KEY FEATURES • A brief introduction to the U.S. judicial system and to the public policy dimension of judicial decisions provides context for the material. • Criminal and regulatory laws are presented with contrasting views on various contemporary public policy issues, including assault weapons, hate crimes, stand your ground laws, police use of deadly force, and much more. • A question for debate and learning objectives appear at the beginning of each chapter. The debate format features contemporary topical issues that engage students and ask them to consider various points of view. • Brief essays introduce students to each debate and put the issue into context to help students understand how policy issues arise in criminal justice and law. • Summaries of the positions follow the debate sections to ensure students have a clear understanding of the contrasting arguments. • “You Decide” exercises and discussion questions appear at the end of each debate to give students the opportunity to apply what they read to new and novel situations.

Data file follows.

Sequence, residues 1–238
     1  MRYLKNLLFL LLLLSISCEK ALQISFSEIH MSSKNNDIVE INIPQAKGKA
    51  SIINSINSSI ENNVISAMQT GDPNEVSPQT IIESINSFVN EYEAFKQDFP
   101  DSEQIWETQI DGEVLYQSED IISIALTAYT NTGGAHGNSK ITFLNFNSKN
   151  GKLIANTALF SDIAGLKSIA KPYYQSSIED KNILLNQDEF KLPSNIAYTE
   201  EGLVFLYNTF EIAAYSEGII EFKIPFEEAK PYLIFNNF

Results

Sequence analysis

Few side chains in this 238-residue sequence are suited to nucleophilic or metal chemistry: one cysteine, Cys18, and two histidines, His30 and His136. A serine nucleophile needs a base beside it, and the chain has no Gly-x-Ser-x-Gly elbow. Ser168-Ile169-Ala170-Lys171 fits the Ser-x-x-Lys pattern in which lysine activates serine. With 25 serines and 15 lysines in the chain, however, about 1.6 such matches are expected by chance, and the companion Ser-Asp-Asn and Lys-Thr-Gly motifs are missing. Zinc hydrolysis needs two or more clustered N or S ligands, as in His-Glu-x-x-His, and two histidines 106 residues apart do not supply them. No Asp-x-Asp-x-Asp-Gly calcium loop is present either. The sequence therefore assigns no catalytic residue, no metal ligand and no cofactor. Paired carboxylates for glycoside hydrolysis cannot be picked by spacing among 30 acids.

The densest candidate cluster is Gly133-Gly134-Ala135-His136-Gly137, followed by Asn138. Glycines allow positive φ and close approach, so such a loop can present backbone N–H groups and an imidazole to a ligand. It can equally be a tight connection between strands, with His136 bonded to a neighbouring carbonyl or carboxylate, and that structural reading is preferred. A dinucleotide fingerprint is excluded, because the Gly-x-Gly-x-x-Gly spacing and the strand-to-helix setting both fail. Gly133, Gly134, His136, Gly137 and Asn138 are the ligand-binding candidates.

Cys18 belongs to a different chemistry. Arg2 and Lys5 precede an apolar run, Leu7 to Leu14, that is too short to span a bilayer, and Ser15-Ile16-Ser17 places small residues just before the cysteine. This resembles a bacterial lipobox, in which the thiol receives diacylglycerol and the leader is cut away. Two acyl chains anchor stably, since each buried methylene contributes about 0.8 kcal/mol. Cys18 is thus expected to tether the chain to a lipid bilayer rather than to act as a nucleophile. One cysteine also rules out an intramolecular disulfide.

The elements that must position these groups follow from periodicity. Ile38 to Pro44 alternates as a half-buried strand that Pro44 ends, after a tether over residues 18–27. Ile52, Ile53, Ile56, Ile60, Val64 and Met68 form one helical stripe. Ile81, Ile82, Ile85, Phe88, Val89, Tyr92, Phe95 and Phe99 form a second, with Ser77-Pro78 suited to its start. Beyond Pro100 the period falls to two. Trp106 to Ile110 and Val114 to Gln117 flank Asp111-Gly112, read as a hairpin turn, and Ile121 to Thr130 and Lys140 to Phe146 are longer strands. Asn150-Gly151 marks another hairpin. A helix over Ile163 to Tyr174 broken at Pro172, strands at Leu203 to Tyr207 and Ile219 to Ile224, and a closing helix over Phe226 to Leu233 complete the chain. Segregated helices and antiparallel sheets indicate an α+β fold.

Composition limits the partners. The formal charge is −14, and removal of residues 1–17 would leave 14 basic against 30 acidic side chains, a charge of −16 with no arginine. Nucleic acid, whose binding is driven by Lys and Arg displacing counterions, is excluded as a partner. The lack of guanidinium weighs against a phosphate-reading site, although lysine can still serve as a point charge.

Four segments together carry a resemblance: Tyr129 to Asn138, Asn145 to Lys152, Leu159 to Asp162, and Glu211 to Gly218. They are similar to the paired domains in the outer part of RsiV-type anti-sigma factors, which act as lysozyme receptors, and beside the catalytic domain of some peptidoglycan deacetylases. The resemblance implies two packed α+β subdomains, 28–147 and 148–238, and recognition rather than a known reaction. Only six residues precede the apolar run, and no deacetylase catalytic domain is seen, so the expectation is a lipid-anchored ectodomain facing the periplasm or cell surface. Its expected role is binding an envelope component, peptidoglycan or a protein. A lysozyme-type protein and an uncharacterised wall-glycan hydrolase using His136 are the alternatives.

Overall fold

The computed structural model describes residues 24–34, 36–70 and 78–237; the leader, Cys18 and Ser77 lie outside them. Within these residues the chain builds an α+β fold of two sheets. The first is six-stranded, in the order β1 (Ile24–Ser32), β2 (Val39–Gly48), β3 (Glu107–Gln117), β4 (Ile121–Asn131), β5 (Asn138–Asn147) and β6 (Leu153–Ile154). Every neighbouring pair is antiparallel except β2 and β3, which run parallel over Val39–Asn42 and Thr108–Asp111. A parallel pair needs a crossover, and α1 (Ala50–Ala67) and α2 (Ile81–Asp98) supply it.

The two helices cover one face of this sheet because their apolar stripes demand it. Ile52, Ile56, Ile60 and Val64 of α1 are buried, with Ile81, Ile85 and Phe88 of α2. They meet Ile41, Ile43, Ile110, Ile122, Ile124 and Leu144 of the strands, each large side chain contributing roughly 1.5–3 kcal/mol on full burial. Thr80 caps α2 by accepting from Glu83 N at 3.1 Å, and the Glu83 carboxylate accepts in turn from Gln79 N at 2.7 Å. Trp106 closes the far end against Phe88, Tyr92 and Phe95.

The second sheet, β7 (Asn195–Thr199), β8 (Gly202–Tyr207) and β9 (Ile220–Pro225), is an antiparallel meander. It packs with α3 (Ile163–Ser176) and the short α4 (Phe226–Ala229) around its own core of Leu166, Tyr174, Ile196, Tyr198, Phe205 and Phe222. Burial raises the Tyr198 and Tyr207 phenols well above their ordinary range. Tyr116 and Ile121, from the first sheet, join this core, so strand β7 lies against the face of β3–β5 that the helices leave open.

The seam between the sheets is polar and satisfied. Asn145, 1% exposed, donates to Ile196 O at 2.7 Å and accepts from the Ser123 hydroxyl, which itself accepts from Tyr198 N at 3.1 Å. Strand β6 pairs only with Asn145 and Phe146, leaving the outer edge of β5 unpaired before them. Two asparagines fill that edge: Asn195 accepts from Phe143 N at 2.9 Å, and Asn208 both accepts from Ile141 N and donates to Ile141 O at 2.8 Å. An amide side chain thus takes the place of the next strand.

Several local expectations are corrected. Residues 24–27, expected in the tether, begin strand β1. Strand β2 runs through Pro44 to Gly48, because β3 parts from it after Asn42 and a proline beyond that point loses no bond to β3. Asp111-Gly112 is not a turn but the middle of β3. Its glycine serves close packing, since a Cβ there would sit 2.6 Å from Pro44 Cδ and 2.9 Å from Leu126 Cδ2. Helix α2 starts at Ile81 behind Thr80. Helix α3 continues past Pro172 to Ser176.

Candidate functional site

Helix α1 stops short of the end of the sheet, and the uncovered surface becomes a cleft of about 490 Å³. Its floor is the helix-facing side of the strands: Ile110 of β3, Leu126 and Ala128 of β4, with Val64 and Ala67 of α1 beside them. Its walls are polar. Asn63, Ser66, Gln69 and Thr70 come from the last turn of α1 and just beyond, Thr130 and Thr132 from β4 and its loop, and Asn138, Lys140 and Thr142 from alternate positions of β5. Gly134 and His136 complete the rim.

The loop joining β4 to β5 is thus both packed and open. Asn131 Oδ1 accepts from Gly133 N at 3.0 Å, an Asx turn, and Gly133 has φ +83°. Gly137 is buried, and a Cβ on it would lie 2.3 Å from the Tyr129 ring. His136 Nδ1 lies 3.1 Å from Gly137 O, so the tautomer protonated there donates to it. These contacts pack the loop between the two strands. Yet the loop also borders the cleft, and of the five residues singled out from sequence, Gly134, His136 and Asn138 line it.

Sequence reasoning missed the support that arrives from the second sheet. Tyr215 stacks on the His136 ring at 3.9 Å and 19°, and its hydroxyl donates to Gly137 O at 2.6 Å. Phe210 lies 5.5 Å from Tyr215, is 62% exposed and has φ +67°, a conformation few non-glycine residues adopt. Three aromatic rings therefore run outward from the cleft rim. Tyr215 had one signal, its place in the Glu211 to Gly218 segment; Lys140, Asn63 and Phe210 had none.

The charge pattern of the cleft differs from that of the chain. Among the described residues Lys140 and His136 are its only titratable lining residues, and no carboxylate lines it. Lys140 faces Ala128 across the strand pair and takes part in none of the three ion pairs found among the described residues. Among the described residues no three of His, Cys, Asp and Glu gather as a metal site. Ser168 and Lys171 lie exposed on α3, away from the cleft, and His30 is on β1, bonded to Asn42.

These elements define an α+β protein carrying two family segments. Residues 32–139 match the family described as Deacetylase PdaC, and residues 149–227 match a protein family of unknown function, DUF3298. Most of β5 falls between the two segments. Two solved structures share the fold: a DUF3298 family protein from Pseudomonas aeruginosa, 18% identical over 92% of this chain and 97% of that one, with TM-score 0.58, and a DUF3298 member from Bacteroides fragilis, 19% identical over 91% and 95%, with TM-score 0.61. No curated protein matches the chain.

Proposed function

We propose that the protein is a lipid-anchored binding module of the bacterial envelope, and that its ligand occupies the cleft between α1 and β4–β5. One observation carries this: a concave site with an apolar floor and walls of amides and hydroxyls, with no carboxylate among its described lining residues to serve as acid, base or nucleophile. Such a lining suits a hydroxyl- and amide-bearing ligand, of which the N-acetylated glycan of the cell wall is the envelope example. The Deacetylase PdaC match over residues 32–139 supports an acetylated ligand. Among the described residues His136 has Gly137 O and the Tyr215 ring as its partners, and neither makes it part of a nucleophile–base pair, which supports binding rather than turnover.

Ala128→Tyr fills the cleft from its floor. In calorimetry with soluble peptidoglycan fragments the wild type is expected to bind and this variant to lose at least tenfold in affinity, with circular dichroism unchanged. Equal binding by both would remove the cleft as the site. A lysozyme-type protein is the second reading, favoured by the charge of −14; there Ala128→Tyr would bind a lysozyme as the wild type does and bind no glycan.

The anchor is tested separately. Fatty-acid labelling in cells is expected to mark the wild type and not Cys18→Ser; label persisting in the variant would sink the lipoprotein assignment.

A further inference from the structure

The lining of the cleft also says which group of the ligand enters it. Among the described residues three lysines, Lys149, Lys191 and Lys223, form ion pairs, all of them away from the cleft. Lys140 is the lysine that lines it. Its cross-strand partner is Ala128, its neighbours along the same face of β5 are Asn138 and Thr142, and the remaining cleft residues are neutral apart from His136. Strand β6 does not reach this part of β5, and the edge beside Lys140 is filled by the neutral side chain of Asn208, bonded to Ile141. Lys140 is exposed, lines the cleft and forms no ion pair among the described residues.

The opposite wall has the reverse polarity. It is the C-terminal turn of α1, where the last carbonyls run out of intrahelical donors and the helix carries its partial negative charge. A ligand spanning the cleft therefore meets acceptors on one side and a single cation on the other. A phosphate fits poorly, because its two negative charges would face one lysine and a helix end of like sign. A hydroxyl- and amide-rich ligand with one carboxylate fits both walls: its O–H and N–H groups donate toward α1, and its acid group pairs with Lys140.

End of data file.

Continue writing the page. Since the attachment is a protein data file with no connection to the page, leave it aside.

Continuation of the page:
Chapter 2.7: Crimes Against the Person: Assisted Suicide
Crimes Against the Person: Assisted Suicide
Should Doctors Assisting Suicide Be Held Criminally Liable?
- Know the response of the common law and of U.S. statutory law to suicide and to assisted suicide.
- Understand the constitutional right of individuals nearing death to refuse medical treatment.
- Comprehend how states differ in their approach to medically assisted suicide.
- Know the arguments for and against doctors assisting suicide.
Oppose Doctors Assisting Suicide
Chief Justice William Rehnquist, majority opinion, Washington v. Glucksberg, 521 U.S. 702 (1997)
Michigan Supreme Court, memorandum opinion, People v. Kevorkian, 527 N.W.2d 714 (Mich. 1994)
Support Doctors Assisting Suicide
Justice John Paul Stevens, concurring, Washington v. Glucksberg, 521 U.S. 702 (1997)
Justice John Warner, concurring, Baxter v. State, 224 P.3d 1211 (Mt. 2009)
The common law viewed suicide as ...